Winters Mill High School was the host Thursday morning as Carroll County Public Schools welcomed in a new guard of teachers for the 2019-20 school year.
Teachers come in with different backgrounds — from first-year teachers directly out of college, to those making a career change, to those with significant years of experience moving from another school district.
Chief of Schools Cindy McCabe said about a third of the new teachers are moving from another school system to Carroll County, a higher percentage than the norm. That feels like a positive that a teacher would be willing to leave an established position to come to Carroll, she said.
Director of Human Resources Chantress Baptist said there are about 100 new teachers this year.
Christine Amundson, a special education teacher at Winfield Elementary, has 15 years of experience teaching and moved to CCPS when her family moved to the area from New Jersey.
She is excited to move to the elementary level because of how much students at that age tend to enjoy learning and celebrating even the smallest accomplishments. Her first order of business before students return is organizing — both her physical classroom and looking into the Individualized Education Program for each of her students.
Jaspreet Channa and Mindy Richards previously worked together in Baltimore County and happened to move together to Carroll County this year.
Channa, who worked as a substitute in Carroll previously, starts full-time at Westminster High School. She said she was questioning whether to remain in teaching or change fields, and a mentor recommended that she try moving to Carroll. For parents, she hopes they know that “their involvement is necessary for their child’s success.”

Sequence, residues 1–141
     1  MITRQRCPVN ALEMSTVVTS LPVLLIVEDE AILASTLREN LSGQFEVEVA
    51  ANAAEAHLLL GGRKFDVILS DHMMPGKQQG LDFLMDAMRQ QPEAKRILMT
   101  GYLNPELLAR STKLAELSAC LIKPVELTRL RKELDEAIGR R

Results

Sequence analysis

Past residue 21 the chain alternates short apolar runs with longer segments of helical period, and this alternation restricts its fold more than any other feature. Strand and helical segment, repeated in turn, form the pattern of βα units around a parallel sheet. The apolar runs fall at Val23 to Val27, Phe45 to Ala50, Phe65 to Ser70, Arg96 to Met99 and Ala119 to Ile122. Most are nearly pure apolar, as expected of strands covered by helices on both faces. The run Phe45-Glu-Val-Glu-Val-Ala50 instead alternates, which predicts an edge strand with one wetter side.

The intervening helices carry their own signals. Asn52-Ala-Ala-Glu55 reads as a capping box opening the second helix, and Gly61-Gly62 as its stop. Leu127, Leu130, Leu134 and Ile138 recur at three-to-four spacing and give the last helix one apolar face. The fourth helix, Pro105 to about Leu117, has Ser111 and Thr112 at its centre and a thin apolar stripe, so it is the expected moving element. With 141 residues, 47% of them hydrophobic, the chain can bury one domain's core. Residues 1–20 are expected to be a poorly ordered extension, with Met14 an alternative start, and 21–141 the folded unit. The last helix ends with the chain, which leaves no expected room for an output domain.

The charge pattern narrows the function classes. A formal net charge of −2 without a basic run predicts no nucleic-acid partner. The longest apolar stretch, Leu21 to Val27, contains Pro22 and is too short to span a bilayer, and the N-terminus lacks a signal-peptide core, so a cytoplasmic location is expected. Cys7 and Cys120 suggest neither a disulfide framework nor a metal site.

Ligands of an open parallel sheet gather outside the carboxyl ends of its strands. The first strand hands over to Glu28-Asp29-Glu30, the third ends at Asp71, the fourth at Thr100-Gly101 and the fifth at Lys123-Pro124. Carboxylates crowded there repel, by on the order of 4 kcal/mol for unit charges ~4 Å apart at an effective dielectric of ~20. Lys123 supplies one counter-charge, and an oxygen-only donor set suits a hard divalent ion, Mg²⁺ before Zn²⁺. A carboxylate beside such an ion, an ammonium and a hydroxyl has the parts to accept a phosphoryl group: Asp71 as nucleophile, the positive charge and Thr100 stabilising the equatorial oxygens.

Richards, who will be at Sykesville Middle, said the teaching profession is hard work that doesn’t stop at the end of the school day. The summer months are needed to recuperate and prepare.
Familiar faces from Carroll spoke to welcome the new teachers, including Baptist, schools Superintendent Steve Lockard, Board of Education member Tara Battaglia and Carroll County Education Association President Teresa McCulloh.
“I think we’ve chosen well and so have you,” Lockard said, addressing the room. He characterized CCPS as a dynamic school system and said their motto “Together it is possible” is a sincere expression of their values. Reaching out for help and collaborating are signs of strength, not weakness, he said.
He said it is their desire to support teachers and hopefully retain them in the county. “This is a long-term investment and we want you to be here for many years.”
The second half of the day was spent in breakout workshops dealing with HR matters and other official business that would set the teachers up to get started.
Emily Wood, an incoming social studies teacher at North Carroll Middle School, is one of the first-year teachers and also was a product of CCPS, having graduated from Francis Scott Key. She still remembers her own social studies teachers who helped keep her engaged in the subject, and she hopes to bring the same passion to her students.
When she got to see her classroom for the first time, “It felt surreal,” she said. It was something she has been working toward since she was in high school. Next on her list is to arrange the desks, which for now are still stacked in the center of the room.
Tate Myers, who will split his time among three different elementary schools as a health teacher, is also in his first year, though he is familiar with Carroll after student teaching as a McDaniel College student.
With that kind of schedule, does he consider himself an organized person?
“I’m going to have to be,” he said.
McCabe, alongside the teachers, is looking at a new role this year after moving from her position as head of elementary schools. It’s a learning experience, she said, as she brushes up on the secondary education aspects of the system. One of her priorities has been meeting with the principals she will be working with and building a strong network there.
Similarly, she hoped the teachers would use the orientation day to start networking and learning about the resources available to them.
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“The level of support — that’s one of the things that makes our system stand out,” she said.